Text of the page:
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Self-Hypnosis For You. 

By the late-1980’s I had been smoking cigarettes on and off for some fifteen years. I was what some people call a periodic smoker, having given it up for five years but then going back to a pack-and-a-half a day. It so happened I was also a musician and a singer, and when smoking wasn’t messing up my lungs it was damaging my vocal cords, the effect conjuring less Rod Stewart, and more Joe Cocker through a broken meat grinder. I was getting chronic bronchitis, and my cough was charming enough to move people with children thee seats over on the subway.

I knew my wellbeing hinged on giving up smoking, but nicotine was a rough habit to break. I tried everything, including upping the stakes by smoking two packs of Lucky Strikes a day, hoping that would lead to tar burnout. Nothing worked.  Out of desperation, I tried hypnosis. When I showed up for the session, the therapist looked to me like a cross between an oversized Leprechaun and James Woods on a bad day. I had to fight myself not to run out of there. I am so glad I stayed.

One session with that hypnotherapist was all it took for me. I smoked a cigarette an hour before entering his office and threw away the rest of the pack once I went downstairs, quitting cold turkey but without any negative side-effects. Six months later, feeling myself wavering, I returned to him for a ‘booster’ session. And that was it for me.


In addition to helping me get back my health, the therapist also gave me another gift: a cassette tape describing a simple self-hypnosis technique that I could use to improve almost any aspect of my life: intuition, weight, focus, remembering dreams, etc.

It was also around that time, as my days as a musician slowly came to an end, that I began studying Chinese Medicine. As a musician, moving energy through my hands and onto a ‘wire’ or guitar string had come naturally to me. Now with acupuncture, I was moving energy through a tiny metal pin in order to affect changes within people. Largely fed up with a medical system that treats symptoms instead of root causes, I found in acupuncture and hypnosis healing systems that addressed causes as well as effects. Over the years, I have utilized these modalities to help people heal from pain, discomfort, obsessive disorders, and many maladies.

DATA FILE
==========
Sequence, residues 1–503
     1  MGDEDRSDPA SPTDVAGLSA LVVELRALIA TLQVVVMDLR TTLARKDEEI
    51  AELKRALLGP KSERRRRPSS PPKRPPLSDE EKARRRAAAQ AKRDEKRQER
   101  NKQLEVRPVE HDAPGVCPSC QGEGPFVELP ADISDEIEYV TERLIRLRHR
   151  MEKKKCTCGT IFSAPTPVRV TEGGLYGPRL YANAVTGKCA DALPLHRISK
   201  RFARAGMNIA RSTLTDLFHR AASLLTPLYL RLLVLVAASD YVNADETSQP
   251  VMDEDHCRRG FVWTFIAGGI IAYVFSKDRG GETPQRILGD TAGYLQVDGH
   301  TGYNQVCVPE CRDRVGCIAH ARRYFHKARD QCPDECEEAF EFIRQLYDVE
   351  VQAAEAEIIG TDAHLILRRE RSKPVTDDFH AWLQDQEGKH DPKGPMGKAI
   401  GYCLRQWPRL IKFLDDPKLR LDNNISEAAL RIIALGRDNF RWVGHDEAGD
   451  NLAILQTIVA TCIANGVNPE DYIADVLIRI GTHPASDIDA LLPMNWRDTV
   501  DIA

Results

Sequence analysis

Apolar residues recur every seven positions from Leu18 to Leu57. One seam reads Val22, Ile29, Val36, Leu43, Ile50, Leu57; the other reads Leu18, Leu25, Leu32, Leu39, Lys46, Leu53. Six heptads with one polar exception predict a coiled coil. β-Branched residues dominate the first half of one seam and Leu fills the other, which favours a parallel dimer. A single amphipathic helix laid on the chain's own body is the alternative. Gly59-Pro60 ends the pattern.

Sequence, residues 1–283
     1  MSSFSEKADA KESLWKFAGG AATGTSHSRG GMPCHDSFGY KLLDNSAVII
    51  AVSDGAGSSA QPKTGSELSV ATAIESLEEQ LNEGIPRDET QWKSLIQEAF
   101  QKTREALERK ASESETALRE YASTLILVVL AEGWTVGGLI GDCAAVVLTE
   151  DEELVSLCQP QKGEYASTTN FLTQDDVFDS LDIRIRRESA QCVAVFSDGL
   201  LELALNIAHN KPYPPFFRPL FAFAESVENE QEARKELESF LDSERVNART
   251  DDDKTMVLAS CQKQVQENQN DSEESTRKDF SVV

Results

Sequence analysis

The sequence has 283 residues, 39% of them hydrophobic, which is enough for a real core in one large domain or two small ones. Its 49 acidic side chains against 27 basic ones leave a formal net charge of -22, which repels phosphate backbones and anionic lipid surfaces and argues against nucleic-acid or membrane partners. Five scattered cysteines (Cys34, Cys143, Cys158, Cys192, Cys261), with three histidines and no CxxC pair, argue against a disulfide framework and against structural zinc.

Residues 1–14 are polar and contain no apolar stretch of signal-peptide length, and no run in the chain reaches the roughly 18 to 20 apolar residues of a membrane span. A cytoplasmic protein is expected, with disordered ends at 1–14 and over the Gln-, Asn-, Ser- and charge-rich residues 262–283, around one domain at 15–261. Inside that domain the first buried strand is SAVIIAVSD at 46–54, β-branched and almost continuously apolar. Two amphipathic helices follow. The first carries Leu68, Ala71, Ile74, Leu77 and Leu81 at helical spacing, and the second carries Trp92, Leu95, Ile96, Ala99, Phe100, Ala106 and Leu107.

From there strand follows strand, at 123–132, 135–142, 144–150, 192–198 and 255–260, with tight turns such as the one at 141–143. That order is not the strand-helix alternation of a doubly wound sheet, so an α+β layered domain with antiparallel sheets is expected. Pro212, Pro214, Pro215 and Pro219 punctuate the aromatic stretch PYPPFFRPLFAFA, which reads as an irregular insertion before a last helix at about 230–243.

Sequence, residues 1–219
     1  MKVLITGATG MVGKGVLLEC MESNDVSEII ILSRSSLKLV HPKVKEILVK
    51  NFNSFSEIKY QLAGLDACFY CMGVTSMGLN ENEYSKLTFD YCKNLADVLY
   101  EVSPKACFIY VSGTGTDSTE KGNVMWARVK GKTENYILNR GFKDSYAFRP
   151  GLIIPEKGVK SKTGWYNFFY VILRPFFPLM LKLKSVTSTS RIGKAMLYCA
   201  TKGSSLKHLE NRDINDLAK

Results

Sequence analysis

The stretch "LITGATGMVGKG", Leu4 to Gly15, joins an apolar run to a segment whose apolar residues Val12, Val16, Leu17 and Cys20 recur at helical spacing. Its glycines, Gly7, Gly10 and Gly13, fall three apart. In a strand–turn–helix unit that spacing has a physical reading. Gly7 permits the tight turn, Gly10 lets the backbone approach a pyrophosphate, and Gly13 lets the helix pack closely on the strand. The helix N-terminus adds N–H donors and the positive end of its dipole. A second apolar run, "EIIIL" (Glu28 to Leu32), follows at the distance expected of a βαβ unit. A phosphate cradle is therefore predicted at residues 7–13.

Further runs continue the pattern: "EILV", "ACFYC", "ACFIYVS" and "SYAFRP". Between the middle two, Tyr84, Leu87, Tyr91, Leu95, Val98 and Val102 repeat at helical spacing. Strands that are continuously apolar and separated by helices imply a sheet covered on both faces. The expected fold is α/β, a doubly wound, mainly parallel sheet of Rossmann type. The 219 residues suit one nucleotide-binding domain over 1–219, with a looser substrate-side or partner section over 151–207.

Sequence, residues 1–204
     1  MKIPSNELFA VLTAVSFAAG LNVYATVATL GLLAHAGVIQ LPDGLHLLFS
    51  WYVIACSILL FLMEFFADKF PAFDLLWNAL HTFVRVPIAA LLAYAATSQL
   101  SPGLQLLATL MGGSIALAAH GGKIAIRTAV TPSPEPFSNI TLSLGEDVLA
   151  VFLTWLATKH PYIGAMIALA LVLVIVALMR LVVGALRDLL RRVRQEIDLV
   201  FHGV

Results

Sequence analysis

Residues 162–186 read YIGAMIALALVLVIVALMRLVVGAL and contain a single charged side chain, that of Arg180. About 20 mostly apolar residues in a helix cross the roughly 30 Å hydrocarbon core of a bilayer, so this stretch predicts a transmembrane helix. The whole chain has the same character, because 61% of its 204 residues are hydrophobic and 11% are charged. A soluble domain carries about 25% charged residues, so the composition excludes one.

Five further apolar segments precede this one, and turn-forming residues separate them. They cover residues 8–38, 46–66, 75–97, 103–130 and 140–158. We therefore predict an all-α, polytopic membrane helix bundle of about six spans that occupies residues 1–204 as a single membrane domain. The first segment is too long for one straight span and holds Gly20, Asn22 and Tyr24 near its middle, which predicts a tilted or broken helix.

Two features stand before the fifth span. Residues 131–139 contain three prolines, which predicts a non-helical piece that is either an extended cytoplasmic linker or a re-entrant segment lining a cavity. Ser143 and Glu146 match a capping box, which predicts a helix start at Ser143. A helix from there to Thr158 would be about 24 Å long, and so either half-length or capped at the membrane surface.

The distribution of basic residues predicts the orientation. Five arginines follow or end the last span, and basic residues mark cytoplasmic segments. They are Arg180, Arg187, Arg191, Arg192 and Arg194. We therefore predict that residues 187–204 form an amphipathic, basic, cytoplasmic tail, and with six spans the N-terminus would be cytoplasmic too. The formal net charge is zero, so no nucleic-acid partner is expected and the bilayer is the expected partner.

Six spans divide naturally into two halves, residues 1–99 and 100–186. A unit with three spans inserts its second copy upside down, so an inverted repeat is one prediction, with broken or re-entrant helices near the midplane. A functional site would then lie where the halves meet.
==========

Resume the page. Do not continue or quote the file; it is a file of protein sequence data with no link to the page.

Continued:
The following self-hypnosis technique was developed by Elizabeth (Betty) Erickson, wife of the late psychiatrist Milton Erickson, M.D., one of the seminal figures in modern hypnotherapy. And while I suggest that clients come to me before attempting self-hypnosis, I want to share this technique here because of its great life-affirming ability. Anyone can use it, if only as a meditative device or a sleep aid. And it’s a lot more.

The following self-hypnosis technique is one I use. Feel free to contact me if you get positive results.


This technique asks you to focus on the senses: what you see, hear and feel, as a way of keeping your conscious mind busy so it doesn’t sabotage your unconscious as it works to fulfill your goal for the hypnosis session.  I’m going to list the steps involved to show how simple it is:

*Get in a comfortable positionFind a comfortable chair to sit in for the duration of the process. Then start breathing slowly, allowing yourself to become deeply relaxed.

* Determine the length of time for the session20 minutes is standard, and you could go longer or shorter (15 or 30 minutes, for example).

* State your purpose for the session – Speaking out loud or quietly to yourself, verbally state your goal. For example: “I’m entering a state of self-hypnosis for 15 minutes for the purpose of allowing my unconscious mind to assist me in (fill in the blank however you like).”

State how you want to feel at the end of the session. I usually reinforce my goal by also including it in this sentence. “When I awake in 15 minutes, I will feel refreshed and vitally alive, better than I have in a long time,” for example. If you’re about to go to bed, you might want to state an intention to become deeply relaxed. Normally, because I want to focus on my main goal, I include only three goals for my posthypnotic state. It’s up to you.

Here’s another example of how your statement of purpose might sound: “I’m now entering a 20 minute trance state for the purpose of allowing my unconscious mind to assist me in becoming completely free of the urge to smoke cigarettes. When I awake in 20 minutes, I will feel peaceful, committed to improving my health and completely free of the need to smoke cigarettes.”